Trend Tracking: Andrew Benintendi Has a Favorable Week
I’ve been doing my weekly previews all year, and I’ll continue to modify on the fly. Starting this week, I’ll try out a new format where I look at one player who’s been hot (Paul DeJong) and looks poised to continue at something resembling their current pace, one player who’s scuffling (Andrew Benintendi) but might break through and a two-start pitcher (Lucas Giolito) who could be a plausible streamer.
Keeping it Rolling- Paul DeJong
DeJong’s fourth in MLB in Fangraphs WAR. He’s quietly off to a spectacular start. Adjustment-fueled breakouts are sexy and get all the attention (looking at you, Yoan Moncada and Joey Gallo). DeJong doesn’t seem to be doing much differently. He’s just been better.
DeJong’s off to slight improvements essentially across the board. He’s chasing a little less, swinging at a few more strikes, making a little more hard contact. DeJong’s pop-up rate is down, he’s hitting more balls to the center of the diamond. DeJong is doing everything you’d want a hitter to do, and his batted ball estimators reflect it.
DeJong’s expected batting average, per Statcast, of .309 and expected slugging percentage of .555 are both elite, right in line with his results. That’s not to say DeJong will continue to hit this well, but his performance thus far wasn’t merely the product of luck. DeJong just looks like a really good hitter. Something like The BAT’s .264/.325/.488 projection seems right moving forward. As a shortstop, that’s a fantastic package.
About to Break Out- Andrew Benintendi
Benintendi isn’t having a bad year, but it’s nevertheless been disappointing. A .278/.351/.435 line is fine, but it’s not what owners had in mind when they took him 29th overall. The dreams of a 25-25 season are dead and gone. Nevertheless, next week could be the week that gets Benintendi going.
Perhaps you’ve heard, the Orioles can’t pitch… at all. They’re on pace to shatter all records for home run allowance, so any hitter eyeing a series in Baltimore has to be licking his lips. That applies equally to all the Red Sox (and Angels, for that matter) next week. So why am I optimistic about Benintendi, in particular? That has more to do with Boston’s second series of the week, when they return home to face the Mariners. Not only will that series be the culmination of a grueling, 10-game-in-10-day road trip to the East Coast for the Pacific Northwesterners, but their pitching staff also seems especially ill-equipped to take advantage of Benintendi’s timid performance thus far.
Benintendi’s sitting on a career-worst strikeout rate, up nearly six points from last season. That’s not surprising since the league strikeout rate continues to rise. What is surprising is how pitchers are beating Benintendi. As pitchers leaguewide become more fastball-averse, Benintendi has been beatable with velocity. His whiff rate on fastballs is the highest of his career, while he’s swinging and missing less often than ever on breaking balls. That’s rare.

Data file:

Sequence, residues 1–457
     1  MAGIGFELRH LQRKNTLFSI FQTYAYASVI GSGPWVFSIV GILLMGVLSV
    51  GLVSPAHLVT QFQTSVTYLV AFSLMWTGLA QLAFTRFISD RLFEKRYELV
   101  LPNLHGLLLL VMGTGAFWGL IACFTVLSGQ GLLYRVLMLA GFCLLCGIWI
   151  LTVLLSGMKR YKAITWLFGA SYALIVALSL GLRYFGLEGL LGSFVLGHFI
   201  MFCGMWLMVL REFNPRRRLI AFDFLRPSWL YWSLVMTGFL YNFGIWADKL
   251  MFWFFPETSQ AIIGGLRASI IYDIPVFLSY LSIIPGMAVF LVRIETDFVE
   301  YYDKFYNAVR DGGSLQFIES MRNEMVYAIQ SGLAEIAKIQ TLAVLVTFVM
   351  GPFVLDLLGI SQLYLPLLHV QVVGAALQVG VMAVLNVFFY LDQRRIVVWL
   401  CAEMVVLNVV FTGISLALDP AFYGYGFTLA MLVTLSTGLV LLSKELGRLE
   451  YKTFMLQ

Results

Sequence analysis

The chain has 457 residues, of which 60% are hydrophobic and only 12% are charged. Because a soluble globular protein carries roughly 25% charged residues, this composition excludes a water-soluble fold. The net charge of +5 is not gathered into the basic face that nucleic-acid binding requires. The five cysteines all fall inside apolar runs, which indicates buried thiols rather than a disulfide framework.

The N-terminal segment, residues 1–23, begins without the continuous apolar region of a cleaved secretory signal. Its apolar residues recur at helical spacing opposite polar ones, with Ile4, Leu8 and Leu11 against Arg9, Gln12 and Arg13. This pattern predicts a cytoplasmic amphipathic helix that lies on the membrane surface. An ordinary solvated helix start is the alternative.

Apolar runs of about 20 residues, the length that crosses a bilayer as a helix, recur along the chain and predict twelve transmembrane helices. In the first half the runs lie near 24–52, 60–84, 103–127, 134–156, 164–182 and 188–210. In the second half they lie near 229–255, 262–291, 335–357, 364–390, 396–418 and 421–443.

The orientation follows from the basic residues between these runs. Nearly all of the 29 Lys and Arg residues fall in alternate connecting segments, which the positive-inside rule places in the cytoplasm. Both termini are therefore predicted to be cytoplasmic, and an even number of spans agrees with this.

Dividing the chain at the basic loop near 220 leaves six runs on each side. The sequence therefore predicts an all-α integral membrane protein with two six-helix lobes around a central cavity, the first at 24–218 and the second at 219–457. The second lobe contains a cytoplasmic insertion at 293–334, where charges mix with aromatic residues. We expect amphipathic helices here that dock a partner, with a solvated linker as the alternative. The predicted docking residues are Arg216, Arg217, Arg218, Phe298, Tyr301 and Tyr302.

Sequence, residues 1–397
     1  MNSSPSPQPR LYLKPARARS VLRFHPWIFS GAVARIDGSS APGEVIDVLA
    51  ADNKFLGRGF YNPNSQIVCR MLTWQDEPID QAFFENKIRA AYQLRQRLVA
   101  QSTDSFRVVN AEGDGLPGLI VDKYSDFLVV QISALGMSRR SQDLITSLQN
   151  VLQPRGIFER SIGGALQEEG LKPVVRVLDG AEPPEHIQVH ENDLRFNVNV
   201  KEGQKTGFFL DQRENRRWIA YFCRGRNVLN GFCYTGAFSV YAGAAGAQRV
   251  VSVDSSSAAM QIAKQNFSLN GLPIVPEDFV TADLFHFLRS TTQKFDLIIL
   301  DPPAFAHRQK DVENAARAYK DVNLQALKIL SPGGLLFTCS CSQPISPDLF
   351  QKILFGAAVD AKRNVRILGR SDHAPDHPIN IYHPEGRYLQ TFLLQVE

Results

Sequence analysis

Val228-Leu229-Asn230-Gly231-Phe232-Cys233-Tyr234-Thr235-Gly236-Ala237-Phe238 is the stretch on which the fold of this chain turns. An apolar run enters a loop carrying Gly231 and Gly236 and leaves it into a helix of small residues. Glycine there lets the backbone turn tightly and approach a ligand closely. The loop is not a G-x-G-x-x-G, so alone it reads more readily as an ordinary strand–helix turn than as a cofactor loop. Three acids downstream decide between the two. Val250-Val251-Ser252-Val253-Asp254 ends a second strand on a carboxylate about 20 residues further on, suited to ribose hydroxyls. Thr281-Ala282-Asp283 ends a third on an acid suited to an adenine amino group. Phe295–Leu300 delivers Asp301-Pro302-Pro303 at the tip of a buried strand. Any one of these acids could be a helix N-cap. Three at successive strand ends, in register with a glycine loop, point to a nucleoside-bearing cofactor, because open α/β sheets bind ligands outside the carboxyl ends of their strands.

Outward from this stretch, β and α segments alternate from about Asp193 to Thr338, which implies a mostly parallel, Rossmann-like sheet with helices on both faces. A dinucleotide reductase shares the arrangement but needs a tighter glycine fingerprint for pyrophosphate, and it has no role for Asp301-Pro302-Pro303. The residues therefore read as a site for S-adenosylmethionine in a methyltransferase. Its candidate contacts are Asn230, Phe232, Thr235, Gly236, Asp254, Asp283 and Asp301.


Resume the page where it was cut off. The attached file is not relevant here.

Benintendi’s only in the 34th percentile in terms of making contact on fastballs (minimum 100 fastballs seen). He’s in the 91st percentile in lowest whiff rate on breaking balls (minimum 100 breaking balls seen). In simpler terms, he’s been exceptional at hitting spin, but he’s really struggled to catch up to heat. Maybe that’s an approach issue, where Benintendi is just too often looking for secondary stuff. It might also be a physical problem, though.
Gauging swing length from center field cameras is impossible, but there are myriad instances of Benintendi seemingly getting overpowered by velocity. Perhaps even more concerning is Benintendi’s running data. Long viewed as a potential center fielder by scouts, Benintendi’s looked anything but this season. He’s been slow. His sprint speed is down, his home-to-first times longer. For whatever reason, it seems Benintendi has been less explosive this season.
So what makes the Mariners such a fun matchup? If the fastball is Benintendi’s bugaboo now, no team in baseball is in a worse position to exploit it. Only the Astros throw fewer fastballs than Seattle, but unlike Houston, the Mariners do so out of necessity. Seattle’s average fastball velocity of 91 MPH is worst in baseball, almost two MPH softer than the average heater leaguewide. Their arms aren’t equipped to overpower hitters.
If Benintendi is hiding a physical issue, then facing a couple bad pitching staffs won’t correct that. The Red Sox say he’s just been in a funk though, that his timing is off. If that’s really true, then nobody better than Baltimore and Seattle to get you back rolling.
Two-Start Streamer – Lucas Giolito
Giolito’s right on the border of availability, currently owned in 50% of leagues. That makes perfect sense, since he’s right on the border of viability, too. He’s got above-average fastball velocity and two swing-and-miss offspeed pitches. That kind of stuff is hard to find on the wire. Of course, he gives it back with dreadful command and projects for a 5.07 ERA moving forward, so I don’t think he’s more than a streamer.
Fortunately, that’s exactly what we’re looking for here. Giolito should start next Tuesday and Sunday in Cleveland and Toronto. That’s two bottom ten offenses, and his Tuesday matchup is against Jefry Rodriguez and his career 5.52 FIP, so that’s an opportunity for Giolito to steal a win, too. That’s all you can ask for; beggars, choosers and all that.
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